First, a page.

AMD is set to launch their refreshed Ryzen 7 2700X in the coming weeks, with reviews already going live from CPC Hardware.
According to their review, we should expect an additional 4% in gaming performance over the Ryzen 7 1700X in games like GTA5, GRID Autosport, Battlefield 4, ARMA 3, X3:TC, Witcher 3 and COH2.
When it comes to synthetic benchmarks we can expect a larger 14% increase over the 1800X, which is much more impressive. But the Ryzen 7 2700X uses more power, with up to 13W more than the 1800X. Not much, but something worth noting. The new Ryzen 7 2700X has much smoother frequency scaling in multi-core over the 1800X, another thing worth noting.
Now that we're just weeks away from the launch of AMD's new CPU architecture 'Pinnacle Ridge', we're seeing more leaks of performance and specifications on the Ryzen 7 2700X and Ryzen 5 2600.
Once again, a review was posted on SiSoftware's website but VideoCardz reports that it was "quickly removed", but they copy/pasted all of the important information. The review itself was between the Ryzen 7 2700X and current-gen Ryzen 7 1700X, with the largest change being AMD now supporting DDR4-2933MHz RAM, and the use of the 12nm node - down from the 14nm node.
The full skinny on Ryzen 7 2700X vs Ryzen 7 1700X is right here, but the SiSoftware reviewer said that Ryzen 2000 has improvements to bandwidth and latency, and this will only improve with future BIOS revisions. DDR4-2933MHz RAM support out of the box is also awesome, too.
AMD celebrated the "One Year Ryzen Anniversary" call yesterday, which saw the company reiterating its success since the release of Ryzen a year ago, and what is coming in 2018 and beyond.
Jim Anderson, SVP and GM of Computing and Graphics at AMD said that the company has near-term goals of reaching the market share levels of the glory days of AMD, the days of Athlon 64, in the early-2000s. Anderson said: "I don't see any reason we can't get back to historical share levels that AMD has enjoyed in the past".
AMD is wanting to see that success again by offering users more CPU cores for less money with Ryzen, all the while adding technology and improvements to their CPU architecture, like the introduction of the Vega GPU architecture on the recent release of Raven Ridge APUs.
It seems AMD is in some deep trouble, with an Israeli security firm publishing details on 13 critical security flaws, with CTS-Labs reporting that it affects Ryzen Workstation, Ryzen Pro, Ryzen Mobile, and EPYC processors.
These newly found vulnerabilities have some interesting codenames: Masterkey, Ryzenfall, Fallout, and Chimera. CNET reports that the security researchers gave AMD just 24 hours to look into what they found before they published their report, which is definitely an eye-opener. This seems very suspicious in its timing (new Ryzen CPUs are around the corner, and the fact that this report was thrown together, and even involves some fake CG backgrounds).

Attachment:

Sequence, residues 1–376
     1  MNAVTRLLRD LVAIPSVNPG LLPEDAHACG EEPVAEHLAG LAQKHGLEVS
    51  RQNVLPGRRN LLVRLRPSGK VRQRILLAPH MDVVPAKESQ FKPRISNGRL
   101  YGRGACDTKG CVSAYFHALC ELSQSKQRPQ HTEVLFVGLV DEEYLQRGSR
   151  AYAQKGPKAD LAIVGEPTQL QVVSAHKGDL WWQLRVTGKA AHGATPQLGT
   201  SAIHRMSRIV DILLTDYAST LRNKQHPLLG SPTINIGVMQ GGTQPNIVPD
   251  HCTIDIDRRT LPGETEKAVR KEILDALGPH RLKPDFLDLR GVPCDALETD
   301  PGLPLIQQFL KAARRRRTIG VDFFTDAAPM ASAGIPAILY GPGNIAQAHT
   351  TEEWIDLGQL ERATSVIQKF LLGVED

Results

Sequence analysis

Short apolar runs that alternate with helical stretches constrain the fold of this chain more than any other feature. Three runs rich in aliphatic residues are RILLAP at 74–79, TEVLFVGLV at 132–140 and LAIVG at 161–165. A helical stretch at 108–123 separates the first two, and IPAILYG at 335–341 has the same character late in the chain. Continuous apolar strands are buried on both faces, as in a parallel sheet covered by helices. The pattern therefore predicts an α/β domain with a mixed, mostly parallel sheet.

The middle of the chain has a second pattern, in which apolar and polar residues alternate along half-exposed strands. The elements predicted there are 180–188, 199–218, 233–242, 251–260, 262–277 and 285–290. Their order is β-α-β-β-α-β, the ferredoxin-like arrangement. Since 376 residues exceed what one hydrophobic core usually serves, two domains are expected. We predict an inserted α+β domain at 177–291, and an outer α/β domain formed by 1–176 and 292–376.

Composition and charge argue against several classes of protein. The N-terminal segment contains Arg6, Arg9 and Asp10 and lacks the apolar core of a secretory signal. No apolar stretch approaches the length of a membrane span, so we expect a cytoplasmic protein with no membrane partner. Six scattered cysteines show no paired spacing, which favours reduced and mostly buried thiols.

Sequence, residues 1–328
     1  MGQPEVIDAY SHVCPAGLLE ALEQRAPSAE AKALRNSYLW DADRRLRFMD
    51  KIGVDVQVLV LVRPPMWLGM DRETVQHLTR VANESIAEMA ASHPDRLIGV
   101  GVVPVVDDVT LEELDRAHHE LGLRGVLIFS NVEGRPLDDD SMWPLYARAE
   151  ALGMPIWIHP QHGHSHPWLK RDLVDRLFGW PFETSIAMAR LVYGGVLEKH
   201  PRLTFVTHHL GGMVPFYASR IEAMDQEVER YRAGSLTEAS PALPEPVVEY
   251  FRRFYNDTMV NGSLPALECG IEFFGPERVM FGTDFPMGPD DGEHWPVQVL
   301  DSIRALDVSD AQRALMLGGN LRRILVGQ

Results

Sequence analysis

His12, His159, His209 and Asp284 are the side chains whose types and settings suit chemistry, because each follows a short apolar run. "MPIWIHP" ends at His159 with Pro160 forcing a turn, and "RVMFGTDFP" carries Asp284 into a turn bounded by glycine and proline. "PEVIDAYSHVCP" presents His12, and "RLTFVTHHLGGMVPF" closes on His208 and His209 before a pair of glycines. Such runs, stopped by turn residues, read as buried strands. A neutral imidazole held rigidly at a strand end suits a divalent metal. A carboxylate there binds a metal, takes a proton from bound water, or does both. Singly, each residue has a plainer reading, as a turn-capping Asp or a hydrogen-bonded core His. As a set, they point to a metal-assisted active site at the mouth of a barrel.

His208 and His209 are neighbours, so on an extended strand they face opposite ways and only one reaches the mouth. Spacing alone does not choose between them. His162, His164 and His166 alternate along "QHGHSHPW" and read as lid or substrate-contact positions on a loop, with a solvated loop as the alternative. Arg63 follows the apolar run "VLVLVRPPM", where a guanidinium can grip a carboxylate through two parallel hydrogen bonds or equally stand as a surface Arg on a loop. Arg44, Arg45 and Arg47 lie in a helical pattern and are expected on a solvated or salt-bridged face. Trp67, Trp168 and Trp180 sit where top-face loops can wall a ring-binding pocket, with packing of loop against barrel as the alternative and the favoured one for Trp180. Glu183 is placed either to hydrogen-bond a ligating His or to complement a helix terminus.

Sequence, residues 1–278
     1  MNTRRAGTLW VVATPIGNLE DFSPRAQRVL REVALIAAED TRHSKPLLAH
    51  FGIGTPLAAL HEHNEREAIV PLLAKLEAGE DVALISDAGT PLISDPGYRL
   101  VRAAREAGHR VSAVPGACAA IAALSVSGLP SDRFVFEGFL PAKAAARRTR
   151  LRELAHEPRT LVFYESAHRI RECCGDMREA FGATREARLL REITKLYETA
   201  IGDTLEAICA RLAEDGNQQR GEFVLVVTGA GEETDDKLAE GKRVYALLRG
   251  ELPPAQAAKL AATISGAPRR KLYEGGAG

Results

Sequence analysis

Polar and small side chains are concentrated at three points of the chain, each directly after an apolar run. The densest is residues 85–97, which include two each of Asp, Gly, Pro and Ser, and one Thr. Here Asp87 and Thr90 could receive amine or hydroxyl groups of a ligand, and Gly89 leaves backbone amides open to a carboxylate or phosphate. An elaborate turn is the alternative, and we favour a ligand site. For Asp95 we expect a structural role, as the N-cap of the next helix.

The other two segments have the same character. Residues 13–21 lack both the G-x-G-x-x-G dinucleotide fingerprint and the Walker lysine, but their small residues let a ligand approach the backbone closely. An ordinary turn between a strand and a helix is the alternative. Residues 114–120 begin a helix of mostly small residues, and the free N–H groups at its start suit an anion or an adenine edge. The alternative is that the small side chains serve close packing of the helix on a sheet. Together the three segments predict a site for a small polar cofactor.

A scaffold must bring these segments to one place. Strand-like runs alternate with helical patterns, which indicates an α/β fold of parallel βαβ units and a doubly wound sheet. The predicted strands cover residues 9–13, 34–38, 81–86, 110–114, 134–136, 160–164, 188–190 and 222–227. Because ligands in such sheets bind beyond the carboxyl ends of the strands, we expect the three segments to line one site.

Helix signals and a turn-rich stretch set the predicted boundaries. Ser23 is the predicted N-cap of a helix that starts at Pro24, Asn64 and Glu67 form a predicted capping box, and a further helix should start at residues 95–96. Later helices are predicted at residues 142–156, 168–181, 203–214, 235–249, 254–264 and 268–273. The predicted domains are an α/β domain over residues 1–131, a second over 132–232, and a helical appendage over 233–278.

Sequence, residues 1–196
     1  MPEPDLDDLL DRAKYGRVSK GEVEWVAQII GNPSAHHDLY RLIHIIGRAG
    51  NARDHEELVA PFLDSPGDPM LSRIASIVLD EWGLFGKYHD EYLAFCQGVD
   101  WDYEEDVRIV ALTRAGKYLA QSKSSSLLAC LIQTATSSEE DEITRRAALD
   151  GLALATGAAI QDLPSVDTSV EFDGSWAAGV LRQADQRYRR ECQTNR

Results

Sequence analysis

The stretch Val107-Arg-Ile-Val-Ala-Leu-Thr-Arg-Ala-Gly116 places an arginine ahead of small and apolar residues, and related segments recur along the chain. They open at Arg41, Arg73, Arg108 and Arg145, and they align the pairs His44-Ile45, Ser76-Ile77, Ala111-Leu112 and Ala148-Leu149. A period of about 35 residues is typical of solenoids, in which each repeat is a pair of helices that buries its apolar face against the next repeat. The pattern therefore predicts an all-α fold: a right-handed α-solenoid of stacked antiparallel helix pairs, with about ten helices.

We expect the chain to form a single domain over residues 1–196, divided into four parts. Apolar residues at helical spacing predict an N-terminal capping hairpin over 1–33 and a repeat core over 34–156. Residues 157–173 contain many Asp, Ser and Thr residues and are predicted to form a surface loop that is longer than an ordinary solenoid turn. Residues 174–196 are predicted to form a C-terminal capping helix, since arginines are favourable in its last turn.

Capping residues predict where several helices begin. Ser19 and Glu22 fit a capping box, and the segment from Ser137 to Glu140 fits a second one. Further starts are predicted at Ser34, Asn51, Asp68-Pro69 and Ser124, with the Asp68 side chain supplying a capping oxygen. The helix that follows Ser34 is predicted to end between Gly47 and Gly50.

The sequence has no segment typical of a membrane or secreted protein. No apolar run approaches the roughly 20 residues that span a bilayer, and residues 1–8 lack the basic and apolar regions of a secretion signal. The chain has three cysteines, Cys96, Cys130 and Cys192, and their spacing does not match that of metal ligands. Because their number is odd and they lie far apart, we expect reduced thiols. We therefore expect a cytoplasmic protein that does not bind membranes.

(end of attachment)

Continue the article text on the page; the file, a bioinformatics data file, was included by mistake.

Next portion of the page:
Researchers normally give the chipmakers months ahead of time to fix the vulnerability before announcing it publicly, and while AMD is most likely aware of Masterkey, Ryzenfall, Fallout, and Chimera, it'll be months and months from now that they'll have a patch ready.
An AMD spokesperson told CNET: "At AMD, security is a top priority and we are continually working to ensure the safety of our users as new risks arise. We are investigating this report, which we just received, to understand the methodology and merit of the findings".
We will update this story when more information is available.
We're getting lots of rumors and leaked decks on AMD's future processors in the last few days, but now we have some more concrete details (I guess???) on AMD's next-gen Threadripper CPUs.
Interestingly, AMD refers to Threadripper as "the monster truck of computing". Onto the slide, where in 2018 we're to expect the second-gen Threadripper CPU which will be made on the new 12nm node and feature Zen+ CPU cores, higher CPU clocks, and Precision Boost 2.0 technology.
Fast forward to 2019 where AMD will unleash the Castle Peak CPU architecture, which AMD says will see them with "dominant leadership in the HEDT market", much more performance and efficiency, and "new platform features" that will "take TR4 to the next level".
What will we see? I'm guessing we'll see Threadripper ramp right up to 32C/64T and 'higher clocks' I'd love to see 4GHz and beyond, and then scale down to 24C/48T. EPYC will most likely shift into the world of 64C/128T (!!!) which will be amazing to see.